Understand that a function from one set (called the domain) to another set (called the range) assigns to each element of the domain exactly one element of the range. If f is a function and x is an element of its domain, then f(x) denotes the output of f corresponding to the input x. The graph of f is the graph of the equation y = f(x).
Recognize that sequences are functions, sometimes defined recursively, whose domain is a subset of the integers. For example, the Fibonacci sequence is defined recursively by f(0) = f(1) = 1, f(n+1) = f(n) + f(n-1) for n ≥ 1.
For a function that models a relationship between two quantities, interpret key features of graphs and tables in terms of the quantities, and sketch graphs showing key features given a verbal description of the relationship. Key features include: intercepts; intervals where the function is increasing, decreasing, positive, or negative; relative maximums and minimums; symmetries; end behavior; and periodicity.*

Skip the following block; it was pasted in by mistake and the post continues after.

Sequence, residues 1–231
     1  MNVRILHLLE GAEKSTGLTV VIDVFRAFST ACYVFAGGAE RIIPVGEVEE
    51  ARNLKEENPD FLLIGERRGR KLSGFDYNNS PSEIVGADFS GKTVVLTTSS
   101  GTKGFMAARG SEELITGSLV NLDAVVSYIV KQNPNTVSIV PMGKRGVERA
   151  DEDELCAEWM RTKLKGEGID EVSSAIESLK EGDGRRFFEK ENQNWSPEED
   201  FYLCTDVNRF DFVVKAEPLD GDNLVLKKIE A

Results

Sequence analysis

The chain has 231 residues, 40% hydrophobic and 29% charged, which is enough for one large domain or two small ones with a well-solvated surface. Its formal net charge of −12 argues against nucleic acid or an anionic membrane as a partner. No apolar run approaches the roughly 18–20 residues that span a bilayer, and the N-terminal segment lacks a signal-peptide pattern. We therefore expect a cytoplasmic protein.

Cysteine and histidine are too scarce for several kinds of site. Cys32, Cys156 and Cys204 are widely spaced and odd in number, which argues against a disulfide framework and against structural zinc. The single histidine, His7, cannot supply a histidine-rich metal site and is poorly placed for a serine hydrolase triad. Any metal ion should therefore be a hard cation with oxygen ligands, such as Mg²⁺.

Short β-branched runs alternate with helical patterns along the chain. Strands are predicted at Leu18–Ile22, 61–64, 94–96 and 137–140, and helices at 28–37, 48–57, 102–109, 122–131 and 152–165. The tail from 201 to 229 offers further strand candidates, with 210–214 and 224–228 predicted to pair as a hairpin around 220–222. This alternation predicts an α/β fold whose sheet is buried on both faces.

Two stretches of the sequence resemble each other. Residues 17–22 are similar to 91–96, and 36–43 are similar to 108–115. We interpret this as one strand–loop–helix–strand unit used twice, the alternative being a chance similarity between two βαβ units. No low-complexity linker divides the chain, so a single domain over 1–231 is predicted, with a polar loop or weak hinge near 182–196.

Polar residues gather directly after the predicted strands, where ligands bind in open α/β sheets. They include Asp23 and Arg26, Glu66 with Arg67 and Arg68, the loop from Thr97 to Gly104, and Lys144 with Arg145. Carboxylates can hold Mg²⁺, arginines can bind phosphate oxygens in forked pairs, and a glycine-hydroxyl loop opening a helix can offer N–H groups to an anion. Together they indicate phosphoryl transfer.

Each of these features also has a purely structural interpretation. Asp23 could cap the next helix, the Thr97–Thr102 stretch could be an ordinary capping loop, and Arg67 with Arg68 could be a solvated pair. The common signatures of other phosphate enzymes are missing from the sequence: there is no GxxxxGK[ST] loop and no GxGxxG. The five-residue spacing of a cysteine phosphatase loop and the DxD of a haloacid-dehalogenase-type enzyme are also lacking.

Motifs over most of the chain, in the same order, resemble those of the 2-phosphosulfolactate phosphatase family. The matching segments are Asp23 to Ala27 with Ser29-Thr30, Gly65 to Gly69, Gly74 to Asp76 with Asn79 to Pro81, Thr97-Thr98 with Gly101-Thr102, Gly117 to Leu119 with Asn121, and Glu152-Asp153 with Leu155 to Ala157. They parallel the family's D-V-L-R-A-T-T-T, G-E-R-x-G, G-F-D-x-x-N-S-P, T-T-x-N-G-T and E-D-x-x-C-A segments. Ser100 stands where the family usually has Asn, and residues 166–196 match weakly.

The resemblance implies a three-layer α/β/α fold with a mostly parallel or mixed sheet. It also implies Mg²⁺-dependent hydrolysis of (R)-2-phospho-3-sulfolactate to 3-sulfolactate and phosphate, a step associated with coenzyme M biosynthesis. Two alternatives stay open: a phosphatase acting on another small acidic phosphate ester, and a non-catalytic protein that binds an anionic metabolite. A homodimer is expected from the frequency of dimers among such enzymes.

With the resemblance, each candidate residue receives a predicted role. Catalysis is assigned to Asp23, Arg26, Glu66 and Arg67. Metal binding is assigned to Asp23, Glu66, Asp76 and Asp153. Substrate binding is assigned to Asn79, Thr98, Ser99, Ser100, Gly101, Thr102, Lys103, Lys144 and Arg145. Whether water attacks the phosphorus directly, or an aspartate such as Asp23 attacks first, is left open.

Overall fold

Relate the domain of a function to its graph and, where applicable, to the quantitative relationship it describes. For example, if the function h(n) gives the number of person-hours it takes to assemble n engines in a factory, then the positive integers would be an appropriate domain for the function.*
Use the properties of exponents to interpret expressions for exponential functions. For example, identify percent rate of change in functions such as y = (1.02)t, y = (0.97)t, y = (1.01)12t, y = (1.2)t/10, and classify them as representing exponential growth or decay.
Compare properties of two functions each represented in a different way (algebraically, graphically, numerically in tables, or by verbal descriptions). For example, given a graph of one quadratic function and an algebraic expression for another, say which has the larger maximum.